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NC Parents Enjoy “Power” in Education

ParentPowerIndex

North Carolina parents enjoy above average “power” in educational opportunity and choices for their children, according to the Center for Education Reform. The group’s 2015 Parent Power Index evaluates how much access parents have to quality options and information when making decisions about their children’s education. Although North Carolina received a “C” grade of 72.5 percent, the state places 16th overall in parental power, reflecting the firsthand experience many Tar Heel parents have in a relatively friendly school-choice state.

“North Carolina lawmakers have worked hard, especially in recent years, to make substantive policy changes that positively impact the ability of parents to choose the best educational options for their children,” said John L. Rustin, president of NC Family. “The Parent Power Index provides both recognition of these efforts and recommendations for future improvements, many of which NC Family will continue to support and promote.”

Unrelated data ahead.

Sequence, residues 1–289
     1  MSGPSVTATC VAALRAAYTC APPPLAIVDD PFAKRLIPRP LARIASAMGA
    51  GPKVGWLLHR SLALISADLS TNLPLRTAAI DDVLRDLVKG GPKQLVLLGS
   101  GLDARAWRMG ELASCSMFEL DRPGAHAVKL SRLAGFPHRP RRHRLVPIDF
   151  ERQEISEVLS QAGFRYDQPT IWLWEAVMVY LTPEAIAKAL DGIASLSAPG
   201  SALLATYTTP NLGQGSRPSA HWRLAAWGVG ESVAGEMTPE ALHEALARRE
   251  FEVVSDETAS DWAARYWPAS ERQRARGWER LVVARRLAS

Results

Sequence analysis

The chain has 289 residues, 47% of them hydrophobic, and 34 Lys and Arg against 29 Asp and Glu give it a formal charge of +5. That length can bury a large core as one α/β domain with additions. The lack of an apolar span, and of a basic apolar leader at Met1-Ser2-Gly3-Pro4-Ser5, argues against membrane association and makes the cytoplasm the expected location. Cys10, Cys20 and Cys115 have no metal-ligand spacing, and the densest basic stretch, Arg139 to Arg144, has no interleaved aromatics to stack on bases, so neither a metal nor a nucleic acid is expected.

North Carolina surpassed the national average in four of five categories, including an impressive 100 percent in transparency, which measures “the transparency and accessibility of data for the average person” about school options and performance, as well as voter involvement in school board elections. The state also scored better than the national average in the areas of “teacher quality” and “charter schools,” and more than doubled the national average score in the “school choice” category.

Even with all the good news, the Index offers some suggestions for how North Carolina can continue to improve the state’s rank on the Parent Power Index, including:

  • Expanding parents’ ability to send their children to their public school of choice;
  • Expanding North Carolina’s charter school law to allow universities and school boards to be charter authorizers;
  • Removing barriers to new charter school growth to keep up with parental demand and increasing the current 15 percent approval rate for new charter schools; and
  • Enhancing student access and eligibility for participation in North Carolina’s Virtual Public School and virtual charter schools.

North Carolina’s positive educational environment reflected in the Index’s evaluation is not news to many parents in the state. Policy changes lauded by the Index—such as the removal of the arbitrary cap on charter schools, state-sponsored scholarship programs for low-income and special-needs students, the inclusion of student learning and growth measures in annual teacher evaluations, and easy access to school performance data—have all been welcome boosts to parents’ ability to make more informed and child-specific decisions in education.

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